Growing your own


Notice: Undefined variable: sharify_buttons in /home/jballa5/public_html/wp-content/plugins/sharify/sharify.php on line 333

The Pacific League has now won the last seven Japan Series and has a .532 interleague winning percentage. People have attributed the gap to more hard-throwing pitchers in the PL, or to larger ballparks and the DH that helped that league be better at developing pitchers.

But two years ago, former Giants pitcher Scott Mathieson attributed it to the drafting philosophies of the two leagues, that the six Central League teams have shown more inclination to draft “baseball instinct” over physical tools.

Is it the draft?

This study won’t address that question, but it does ask whether one league has had an advantage in the draft and its Siamese twin, player development.

The answer is yes, and no one will be surprised to find that the PL has had a clear edge in this area.

To answer this and another question for another study, I created a database with the draft ranking of every signed player in Nippon Professional Baseball’s annual autumn amateur draft. For each player there is also a corresponding measure of career value, using Bill James’ win shares as I have adopted them to fit NPB.

Since we’re more interested in the CL’s current troubles, I looked at the drafts since 2000 and broke them down into two, ten-year periods. Interestingly enough, the top four players drafted since 1999 all were by CL teams: Shinnosuke Abe, Takashi Toritani, Hayato Sakamoto and Norichika Aoki.

The win share totals include those from the major leagues.

Players drafted from 1999 to 2008

LeagueWin SharesEdge
Pacific League9,714+21%
Central League8,041

The results of the second group are of course much smaller since many of these players have had little or no chance to impact the score, so it’s probably too early to think the PL’s edge is shrinking.

Players drafted from 2009 to 2018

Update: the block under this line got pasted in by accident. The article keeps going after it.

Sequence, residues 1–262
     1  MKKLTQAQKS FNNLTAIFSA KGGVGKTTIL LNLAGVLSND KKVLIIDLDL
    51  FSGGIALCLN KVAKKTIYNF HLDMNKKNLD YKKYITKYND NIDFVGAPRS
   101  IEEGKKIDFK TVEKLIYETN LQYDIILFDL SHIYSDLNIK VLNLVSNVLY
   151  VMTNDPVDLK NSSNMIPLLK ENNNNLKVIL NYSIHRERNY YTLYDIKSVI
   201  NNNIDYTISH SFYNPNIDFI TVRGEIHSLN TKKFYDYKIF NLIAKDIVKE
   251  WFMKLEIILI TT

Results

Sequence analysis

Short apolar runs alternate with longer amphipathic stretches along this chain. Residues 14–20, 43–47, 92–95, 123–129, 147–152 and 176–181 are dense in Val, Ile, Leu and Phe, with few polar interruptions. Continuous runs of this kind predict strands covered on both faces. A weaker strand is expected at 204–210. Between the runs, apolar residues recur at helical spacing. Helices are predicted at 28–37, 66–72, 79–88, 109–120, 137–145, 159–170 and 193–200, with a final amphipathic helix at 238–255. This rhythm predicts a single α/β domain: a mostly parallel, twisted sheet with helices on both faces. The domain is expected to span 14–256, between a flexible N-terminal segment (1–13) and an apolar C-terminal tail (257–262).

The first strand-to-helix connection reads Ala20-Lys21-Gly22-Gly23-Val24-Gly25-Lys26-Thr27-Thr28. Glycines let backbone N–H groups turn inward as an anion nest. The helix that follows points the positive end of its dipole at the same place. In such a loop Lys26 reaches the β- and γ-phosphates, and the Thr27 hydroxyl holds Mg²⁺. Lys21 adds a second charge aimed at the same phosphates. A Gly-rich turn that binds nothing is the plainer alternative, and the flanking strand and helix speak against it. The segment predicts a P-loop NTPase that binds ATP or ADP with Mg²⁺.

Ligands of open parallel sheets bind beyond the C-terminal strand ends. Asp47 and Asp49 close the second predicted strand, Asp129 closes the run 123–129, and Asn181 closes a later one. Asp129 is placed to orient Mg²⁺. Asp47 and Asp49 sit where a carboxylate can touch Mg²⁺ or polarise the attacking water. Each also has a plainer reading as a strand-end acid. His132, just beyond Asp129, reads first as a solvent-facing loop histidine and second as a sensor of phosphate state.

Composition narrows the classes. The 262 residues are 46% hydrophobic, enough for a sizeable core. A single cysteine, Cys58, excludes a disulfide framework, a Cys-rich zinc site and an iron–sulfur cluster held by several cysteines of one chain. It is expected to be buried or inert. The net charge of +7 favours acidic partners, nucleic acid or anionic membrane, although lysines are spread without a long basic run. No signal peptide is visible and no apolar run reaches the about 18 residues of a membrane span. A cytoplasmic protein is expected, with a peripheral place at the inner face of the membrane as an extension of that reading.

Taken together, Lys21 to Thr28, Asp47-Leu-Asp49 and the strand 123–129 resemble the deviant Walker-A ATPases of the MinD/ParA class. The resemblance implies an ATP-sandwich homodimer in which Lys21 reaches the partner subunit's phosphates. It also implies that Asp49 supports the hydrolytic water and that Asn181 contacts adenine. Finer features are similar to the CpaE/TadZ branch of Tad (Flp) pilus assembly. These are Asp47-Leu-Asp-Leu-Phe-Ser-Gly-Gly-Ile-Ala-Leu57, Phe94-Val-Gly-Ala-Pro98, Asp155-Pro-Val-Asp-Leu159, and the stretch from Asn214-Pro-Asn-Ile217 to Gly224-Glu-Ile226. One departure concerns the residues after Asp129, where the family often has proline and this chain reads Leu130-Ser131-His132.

LeagueWin SharesEdge
Pacific League4,317+10%
Central League3,914

The good and the bad

Here are the breakdowns of the return on amateur talent by team draft. Just a note, the three players still active from the 1998 draft, Kosuke Fukudome, Kyuji Fujikawa and Daisuke Matsuzaka, are not included in the study.

The first PL table includes the Kintetsu Buffaloes in the Rakuten Eagles, since the Eagles are the team that took Kintetsu’s place in the league.

In both the 1999 to 2008 group and the 2009 to 2018 group, the CL placed just two teams in the top six. Another interesting point is that while the Yomiuri Giants have invested heavily in developmental players, essentially the team’s return came from two guys who are both retired, reliever Tetsuya Yamaguchi and center fielder Tetsuya Matsumoto, who both won CL Rookie of the Year Awards over a decade ago.

Central League drafts 1999 to 2008

TeamTotalRegularDevelopmentalNPB rank
Giants1,6431,5191244
Swallows1,4631,46306
Carp1,4121,41207
Tigers1,2641,26319
BayStars1,2471,247010
Dragons1,0831,083012

Pacific League drafts 1999 to 2008

TeamTotalRegularDevelopmentalNPB rank
Fighters1,9501,95001
Lions1,9471,94702
Hawks1,8111,80473
Eagles1,5791,579535
Marines1,3111,226858
Orix1,1161,116011

Central League drafts 2009 to 2018

TeamTotalRegularDevelopmentalNPB rank
BayStars828792362
Carp73173015
Giants70169747
Dragons59959549
Swallows545543211
Tigers5105001012

Pacific League drafts 2009 to 2018

TeamTotalRegularDevelopmentalNPB rank
Lions89389121
Marines77677243
Fighters73973904
Hawks7115401716
Buffaloes63662888
Eagles568562610

Leave a Reply

Your email address will not be published. Required fields are marked *